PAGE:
Giant Tiger has raised more than $105,000 this year to help end food insecurity
In recognition of World Food Day, Giant Tiger noted that it has raised more than $105,000 in food and funding for Food Banks across Canada so far in 2021. World Food Day is celebrated every year worldwide on October 16 to commemorate the founding of the United Nations Food and Agriculture Organization. Giant Tiger stores are committed to fighting hunger and supporting the diverse communities they call home by actively raising money throughout the year to help feed families through an ongoing partnership with Food Banks Canada and working directly with local food banks across the country. Through the power of in-store customer donations, Giant Tiger’s Round-up Campaign to Fill Plates, which ran from September 27 to October 10, raised $38,049 and will provide 76,098 meals to families in need. The funds collected go directly to a food bank of choice within the community of the local Giant Tiger store, allowing customers to support their neighbours in need and directly improve food security within their community.
Alongside of collecting in-store donations, Giant Tiger stores also ran their annual brown bag campaign earlier this month. The brown bag campaign offers customers the opportunity to purchase $5 prefilled bags with select grocery essentials that are donated to their local food bank. Paul Wood, President and CEO, Giant Tiger Stores said “Traditionally, food banks are in high demand leading into the holiday season and now, more than ever, Canadians are feeling the financial impact of COVID-19. It’s important for our stores to give back so everyone in their community will have access to safe and nutritious food.”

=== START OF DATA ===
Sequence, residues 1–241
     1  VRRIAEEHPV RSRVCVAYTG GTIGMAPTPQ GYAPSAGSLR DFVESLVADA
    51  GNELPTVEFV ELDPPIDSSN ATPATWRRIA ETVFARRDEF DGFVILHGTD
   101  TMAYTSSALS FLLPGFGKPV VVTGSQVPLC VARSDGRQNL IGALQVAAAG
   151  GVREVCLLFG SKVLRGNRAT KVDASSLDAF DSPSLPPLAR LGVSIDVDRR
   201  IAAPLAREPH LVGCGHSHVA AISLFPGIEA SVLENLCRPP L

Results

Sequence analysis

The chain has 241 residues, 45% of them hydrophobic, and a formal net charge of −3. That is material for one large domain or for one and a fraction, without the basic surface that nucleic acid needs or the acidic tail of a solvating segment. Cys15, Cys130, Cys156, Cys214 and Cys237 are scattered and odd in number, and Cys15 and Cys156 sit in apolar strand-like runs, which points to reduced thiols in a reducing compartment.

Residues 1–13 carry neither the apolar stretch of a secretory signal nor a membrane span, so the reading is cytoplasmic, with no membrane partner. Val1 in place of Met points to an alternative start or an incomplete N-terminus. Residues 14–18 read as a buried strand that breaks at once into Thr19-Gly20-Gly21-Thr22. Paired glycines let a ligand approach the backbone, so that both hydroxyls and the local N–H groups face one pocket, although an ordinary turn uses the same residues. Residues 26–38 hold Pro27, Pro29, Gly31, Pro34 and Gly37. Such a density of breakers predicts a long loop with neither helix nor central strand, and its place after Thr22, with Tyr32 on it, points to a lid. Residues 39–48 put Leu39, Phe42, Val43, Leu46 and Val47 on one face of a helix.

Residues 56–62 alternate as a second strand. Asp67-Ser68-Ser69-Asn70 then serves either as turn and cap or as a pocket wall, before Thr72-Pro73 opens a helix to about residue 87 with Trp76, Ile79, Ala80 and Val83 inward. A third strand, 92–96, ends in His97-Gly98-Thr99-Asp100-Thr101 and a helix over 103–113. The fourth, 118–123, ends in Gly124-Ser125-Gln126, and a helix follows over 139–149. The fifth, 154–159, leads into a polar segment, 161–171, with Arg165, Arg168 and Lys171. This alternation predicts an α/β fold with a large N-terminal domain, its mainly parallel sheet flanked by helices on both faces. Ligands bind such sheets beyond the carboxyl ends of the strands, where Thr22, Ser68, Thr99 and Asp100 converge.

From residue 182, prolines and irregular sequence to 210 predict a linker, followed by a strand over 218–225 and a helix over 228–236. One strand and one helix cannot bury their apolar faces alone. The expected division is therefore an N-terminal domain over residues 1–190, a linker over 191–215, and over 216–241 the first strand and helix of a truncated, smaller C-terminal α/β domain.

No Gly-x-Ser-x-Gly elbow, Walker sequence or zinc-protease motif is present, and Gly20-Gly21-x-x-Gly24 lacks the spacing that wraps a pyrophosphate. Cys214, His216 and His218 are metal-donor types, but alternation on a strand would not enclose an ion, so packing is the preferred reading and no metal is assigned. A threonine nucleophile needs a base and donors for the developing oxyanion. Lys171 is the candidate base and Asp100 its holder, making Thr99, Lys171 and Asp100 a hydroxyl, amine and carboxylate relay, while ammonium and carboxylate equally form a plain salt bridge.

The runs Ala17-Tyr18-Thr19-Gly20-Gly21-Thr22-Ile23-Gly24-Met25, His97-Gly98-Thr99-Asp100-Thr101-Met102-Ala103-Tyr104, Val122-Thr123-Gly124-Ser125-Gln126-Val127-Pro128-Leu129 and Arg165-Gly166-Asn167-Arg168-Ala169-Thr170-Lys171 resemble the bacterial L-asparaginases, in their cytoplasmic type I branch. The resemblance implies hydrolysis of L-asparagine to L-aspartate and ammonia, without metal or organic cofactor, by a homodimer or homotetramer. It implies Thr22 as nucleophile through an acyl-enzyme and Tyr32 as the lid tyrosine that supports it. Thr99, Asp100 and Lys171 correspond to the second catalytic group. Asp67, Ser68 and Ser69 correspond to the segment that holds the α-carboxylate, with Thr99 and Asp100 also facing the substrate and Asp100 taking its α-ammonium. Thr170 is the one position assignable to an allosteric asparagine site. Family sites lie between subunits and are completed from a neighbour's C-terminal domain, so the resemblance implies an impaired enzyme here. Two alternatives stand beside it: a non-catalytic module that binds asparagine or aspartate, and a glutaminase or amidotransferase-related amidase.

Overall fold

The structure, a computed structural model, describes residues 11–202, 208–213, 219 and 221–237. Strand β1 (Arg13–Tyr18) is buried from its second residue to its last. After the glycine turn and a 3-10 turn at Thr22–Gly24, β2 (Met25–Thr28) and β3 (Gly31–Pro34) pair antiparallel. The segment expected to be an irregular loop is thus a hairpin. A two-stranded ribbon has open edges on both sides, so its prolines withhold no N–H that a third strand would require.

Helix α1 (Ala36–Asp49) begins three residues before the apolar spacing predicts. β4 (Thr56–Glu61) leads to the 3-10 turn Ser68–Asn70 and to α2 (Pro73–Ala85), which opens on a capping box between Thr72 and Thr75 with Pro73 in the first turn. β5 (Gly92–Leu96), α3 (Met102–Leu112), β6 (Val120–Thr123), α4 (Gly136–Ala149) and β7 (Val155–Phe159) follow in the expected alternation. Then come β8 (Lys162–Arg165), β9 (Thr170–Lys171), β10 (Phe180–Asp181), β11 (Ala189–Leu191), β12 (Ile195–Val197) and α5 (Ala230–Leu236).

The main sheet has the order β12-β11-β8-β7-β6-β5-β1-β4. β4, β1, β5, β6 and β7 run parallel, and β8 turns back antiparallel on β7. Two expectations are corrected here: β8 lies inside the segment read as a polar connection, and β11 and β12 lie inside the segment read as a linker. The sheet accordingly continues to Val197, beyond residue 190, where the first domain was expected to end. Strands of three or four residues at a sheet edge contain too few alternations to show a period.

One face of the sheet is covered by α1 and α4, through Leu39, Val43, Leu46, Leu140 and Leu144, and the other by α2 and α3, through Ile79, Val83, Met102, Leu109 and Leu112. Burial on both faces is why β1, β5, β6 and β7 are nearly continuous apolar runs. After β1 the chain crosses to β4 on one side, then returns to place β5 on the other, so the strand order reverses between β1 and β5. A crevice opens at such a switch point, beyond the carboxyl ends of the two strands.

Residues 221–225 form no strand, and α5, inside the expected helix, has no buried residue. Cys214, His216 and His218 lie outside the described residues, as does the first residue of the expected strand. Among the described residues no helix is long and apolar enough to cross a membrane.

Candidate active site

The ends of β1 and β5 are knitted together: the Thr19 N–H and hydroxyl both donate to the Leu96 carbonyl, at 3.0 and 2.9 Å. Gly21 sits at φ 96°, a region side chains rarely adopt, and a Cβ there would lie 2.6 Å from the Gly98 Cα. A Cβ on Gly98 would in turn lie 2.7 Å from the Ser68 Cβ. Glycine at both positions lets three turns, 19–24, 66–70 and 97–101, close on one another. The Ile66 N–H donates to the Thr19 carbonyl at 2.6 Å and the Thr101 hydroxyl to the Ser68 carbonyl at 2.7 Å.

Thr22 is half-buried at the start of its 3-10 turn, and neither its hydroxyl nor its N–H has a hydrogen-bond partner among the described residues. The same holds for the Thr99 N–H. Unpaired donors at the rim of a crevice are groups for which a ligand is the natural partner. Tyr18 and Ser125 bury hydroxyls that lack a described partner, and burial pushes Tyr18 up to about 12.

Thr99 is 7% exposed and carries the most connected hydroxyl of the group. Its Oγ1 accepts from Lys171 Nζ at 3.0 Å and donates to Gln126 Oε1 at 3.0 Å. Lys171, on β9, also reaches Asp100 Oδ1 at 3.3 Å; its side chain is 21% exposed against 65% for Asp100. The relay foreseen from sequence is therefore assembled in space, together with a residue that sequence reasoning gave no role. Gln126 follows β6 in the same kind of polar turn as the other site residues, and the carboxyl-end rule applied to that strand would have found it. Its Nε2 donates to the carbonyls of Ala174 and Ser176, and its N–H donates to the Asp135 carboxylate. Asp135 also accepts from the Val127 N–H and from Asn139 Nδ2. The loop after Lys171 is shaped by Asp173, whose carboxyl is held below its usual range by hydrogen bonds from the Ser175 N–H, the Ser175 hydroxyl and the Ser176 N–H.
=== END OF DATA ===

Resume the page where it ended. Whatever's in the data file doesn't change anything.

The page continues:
According to Food Banks Canada, 1 in 8 people assisted by food banks are employed and 34 percent of those relying on food banks nationally are children, while they only represent 19 percent of the population. “Every one of us has a role in helping our neighbours and communities suffering from food insecurity. Partners like Giant Tiger help us reach the public with our message and contribute to our vision of a Canada where no one goes hungry,” said David Armour, Interim CEO, Food Banks Canada. As a community proud retailer, Giant Tiger Stores Limited partners with many local and national charities donating time, money and goods across the country, and is always looking at ways to give back to the communities they call home.
175th Worldwide Anniversary of Anesthesia
The Canadian Anesthesiologists’ Society marked World Anesthesia Day on Saturday, October 16th as the 175th anniversary of the first use of anesthesia within modern medicine. Anesthesia has grown to become a cornerstone of our medical system over the past 175 years. From the first successful demonstration of the use of ether for surgery in 1846 to the complex nature of anesthesia today, anesthesiologists have played a critical role in the expansion of our collective capabilities within the domain of medicine, allowing for today’s most advanced medical procedures to be possible. During surgery, the anesthesiologist takes complete control of the patient’s vital, biological functions (including blood pressure, heart rate, breathing, nerve/muscle function, temperature, hydration, etc.). These are monitored and regulated throughout the entire procedure. This creates the conditions required for a person to undergo surgery safely with minimal suffering and complications. Every day, thousands of Canadian patients depend on physician-led anesthesia for safe, high-quality care during medical procedures. Anesthesiologists are leaders within our healthcare community, and wholly committed to patient safety before, during, and after surgeries. The Canadian Anesthesiologists’ Society (CAS) is the national specialty society for anesthesiology in Canada. The CAS was founded in 1943 as a not-for-profit, voluntary organization and is guided by its vision of transformative patient care, with its mission to serve members and advance the specialty through leadership, advocacy, education, and research.
Love, Money & Marriage